Like many people, Bubs Buselli loves chocolate.
“I love cacao ... it really does bring me joy,” she said. “I love the way it makes me feel; I’ve always been attracted to chocolate. When I realized that I wanted to keep eating it, I thought I should start making it myself and make it the way I want and use high quality ingredients.”
Cacao, however, is often grown through unethical practices, she said, noting that child slavery exists within the chocolate industry, particularly along Africa’s Ivory Coast.
“When I started learning about the hardship of the chocolate industry, I knew that I wanted to make a better product,” Buselli said. “My mission is to re-establish the joy that exists within chocolate. ... If we are feeding people chocolate that comes from slavery, it’s not actually joyful.”
To accomplish this, she created Heart Song Chocolate.
Buselli started making chocolate three years ago, but started her business last February.
“When I was in Guatemala over last winter, I met someone who taught me how to properly temper chocolate,” she said. “Before I even got back to the States, I had ordered myself a melanger, which is a stone grinder, and all this equipment, and came back and my partner let me convert his guest bedroom into a chocolate lab.”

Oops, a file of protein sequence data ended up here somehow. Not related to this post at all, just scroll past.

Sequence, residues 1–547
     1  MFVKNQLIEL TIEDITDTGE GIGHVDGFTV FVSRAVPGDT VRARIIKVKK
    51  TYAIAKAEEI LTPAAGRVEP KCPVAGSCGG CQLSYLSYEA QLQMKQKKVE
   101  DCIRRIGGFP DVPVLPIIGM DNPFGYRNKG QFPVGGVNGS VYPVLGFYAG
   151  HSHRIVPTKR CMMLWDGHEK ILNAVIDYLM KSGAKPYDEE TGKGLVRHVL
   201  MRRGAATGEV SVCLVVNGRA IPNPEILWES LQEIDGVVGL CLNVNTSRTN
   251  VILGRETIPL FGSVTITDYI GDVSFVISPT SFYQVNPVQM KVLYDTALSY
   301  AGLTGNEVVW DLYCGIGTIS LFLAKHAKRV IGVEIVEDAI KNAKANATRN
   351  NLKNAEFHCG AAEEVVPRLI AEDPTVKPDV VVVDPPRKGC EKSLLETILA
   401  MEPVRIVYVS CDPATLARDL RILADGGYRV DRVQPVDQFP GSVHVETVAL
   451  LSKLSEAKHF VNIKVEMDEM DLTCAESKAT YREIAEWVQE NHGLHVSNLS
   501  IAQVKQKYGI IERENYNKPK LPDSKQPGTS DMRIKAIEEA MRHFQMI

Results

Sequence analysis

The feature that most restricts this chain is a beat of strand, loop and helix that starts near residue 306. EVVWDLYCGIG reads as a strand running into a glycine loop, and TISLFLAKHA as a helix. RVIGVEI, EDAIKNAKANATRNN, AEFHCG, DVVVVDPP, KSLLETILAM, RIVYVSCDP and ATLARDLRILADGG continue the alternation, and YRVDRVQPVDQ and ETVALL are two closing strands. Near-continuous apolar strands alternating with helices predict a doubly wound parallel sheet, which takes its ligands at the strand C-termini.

The cacao Buselli uses is grown on polyculture farms in Guatemala, and Heart Song’s chocolate bars are sweetened with maple or coconut sugar. She also sells truffles and jools – medijool dates stuffed with truffle filling and rolled in rose from her garden and hemp or sesame.
Buselli said cacao is full of neurotransmitters that bring joy.
“Cacao is designed molecularly to open your heart, and that’s what I want to do: feed people chocolate to open their hearts,” she said. “It’s my offering to the world of nourishment, love and joy.”
She plans to move Heart Sng into warehouse space in the near future and start producing chocolate commercially outside her cottage food license, which will allow her to distribute it beyond the farmers market.